“The energies of social life are compressed into words. The circulation of articulated speech is the lifeblood of society. Through speech, society sustains its time and space axes. These time and space axes give direction and orientation to all members of society. Without articulated speech, man has neither direction nor orientation in time or space. Without the signposts of speech, the social beehive would disintegrate immediately.”
— Eugen Rosenstock-Huessy, Speech and Reality
In my conversations with people about the fate of contemporary society, I’ve come to realise that most people do not have a good understanding of what “society” actually is. They seem to assume society is something “out there”, separate and apart from themselves; that society is a jigsaw puzzle of roads, buildings, bridges, electricity, automobiles, and the swarm of people somehow made to all work together like a clockwork mechanism or a beehive, and that it is the task of government to coordinate and regulate all this activity and to keep everything in its proper place.
Society, however, is not a “thing” but is the public conversation, and the character and quality of any society is stamped by the character and quality of this daily public conversation. Society is a creature of dialogue, and this is what Rosenstock-Huessy means when he writes “society lives by speech, dies without speech” — dies, that is, without the free circulation of life-giving or inspired speech through all its parts. A society is coherent and intelligible to the extent that the public discourse is articulate and eloquent.
Not government, but grammar rules society. The language of the State (which is law and legislation) is only one special instance, or elocution, of the grammatical relation, as are the special languages of Church, Corporation, Arts, and Science, etc. The problem of society arises when a common idiom integrating these separate, specialist activities ceases. The consequence of the lack of a common or shared idiom is decoherence, disintegration, and decay, or one of these special branches of the grammatical relation that is society may coercively impose its specialist idiom on all the others, which is the problem of fascism or totalitarianism.
Dictatorship is not dialogue. It is a monologue. (Some people today are even using the word “ecologue” to either describe man’s conversation with Nature, or as multifaceted or ecological conversation). A monologue exists where one man or group has “free speech”, but with an exclusive “captive audience”, which is the ideal of all propaganda.
The problem of the missing common idiom is the problem of what is now called “the Multi-versity”, which is the problem of the over-specialisation or hyper-articulation of idiom. Various faculties of the university no longer know how to communicate with one another — physics and biology, for example, or arts and sciences generally. The problem of the multiversity is the problem of a society which has also fragmented into over-specialised idioms. It decoheres. It becomes disintegrate. There is a lack of concord and conviviality. A Tower of Babel.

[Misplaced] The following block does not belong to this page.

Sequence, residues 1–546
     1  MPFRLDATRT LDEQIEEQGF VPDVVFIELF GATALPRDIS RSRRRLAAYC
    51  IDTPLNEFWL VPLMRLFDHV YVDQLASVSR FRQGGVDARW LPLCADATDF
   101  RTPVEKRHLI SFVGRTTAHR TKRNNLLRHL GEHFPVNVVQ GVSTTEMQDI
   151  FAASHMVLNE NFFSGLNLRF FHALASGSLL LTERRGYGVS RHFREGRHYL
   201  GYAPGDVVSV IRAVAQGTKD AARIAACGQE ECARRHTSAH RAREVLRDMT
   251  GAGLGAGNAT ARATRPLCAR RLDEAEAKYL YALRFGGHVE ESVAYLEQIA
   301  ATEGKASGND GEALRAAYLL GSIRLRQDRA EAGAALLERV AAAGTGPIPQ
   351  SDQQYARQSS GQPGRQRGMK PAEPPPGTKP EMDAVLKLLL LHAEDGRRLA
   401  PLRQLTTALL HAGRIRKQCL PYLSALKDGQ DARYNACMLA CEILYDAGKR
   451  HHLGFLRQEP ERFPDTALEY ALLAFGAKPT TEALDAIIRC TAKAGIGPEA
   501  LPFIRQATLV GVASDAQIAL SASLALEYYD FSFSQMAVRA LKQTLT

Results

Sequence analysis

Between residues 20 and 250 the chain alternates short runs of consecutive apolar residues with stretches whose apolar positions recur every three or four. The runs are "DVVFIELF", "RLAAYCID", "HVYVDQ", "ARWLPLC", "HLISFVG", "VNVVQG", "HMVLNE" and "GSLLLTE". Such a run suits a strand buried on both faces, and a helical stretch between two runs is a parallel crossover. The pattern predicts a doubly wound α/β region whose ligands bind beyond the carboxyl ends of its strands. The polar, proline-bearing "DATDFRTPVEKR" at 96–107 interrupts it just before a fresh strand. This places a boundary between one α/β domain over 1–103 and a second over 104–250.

To articulate means to integrate — to join or knit together — and thus make whole. This ‘whole” is an ecological whole, not a totalitarian whole. In fact, as discussed much earlier in the former Dark Age Blog, the tendency to use “whole” and “total” as synonyms expresses the confusion of life and death processes, for “whole” means health or life, while “total” has some connection with death — the Germanic word for death being “tot“. This confusion of contrary values (so reminiscent of Nietzsche’s formula for nihilism: ‘all higher values devalue themselves’) parallels the common confusion of integration with assimilation, for the former pertains to healing and making well, while the latter pertains to death and digestion.
This confusion of life and death processes exemplified in the confusion of values reminds of Omar Khayyam’s cautionary remark, “only a hair separates the false from the true”. A totality is assimilatory and only impersonates a whole. A total is a sum or aggregate, an amassing and a quantifying. A whole or holon is a quality which is not reducible to a sum of its parts.
So, it might be said that, in political terms, a totality is a whole that has deteriorated or fallen into a state of mere quantity and mass, and that it represents the final stage of a formerly living process. Applied to historical societies, and it seems borne out by the evidence, totalitarianism is the terminal stage of its possibilities for further development. It reaches a dead end.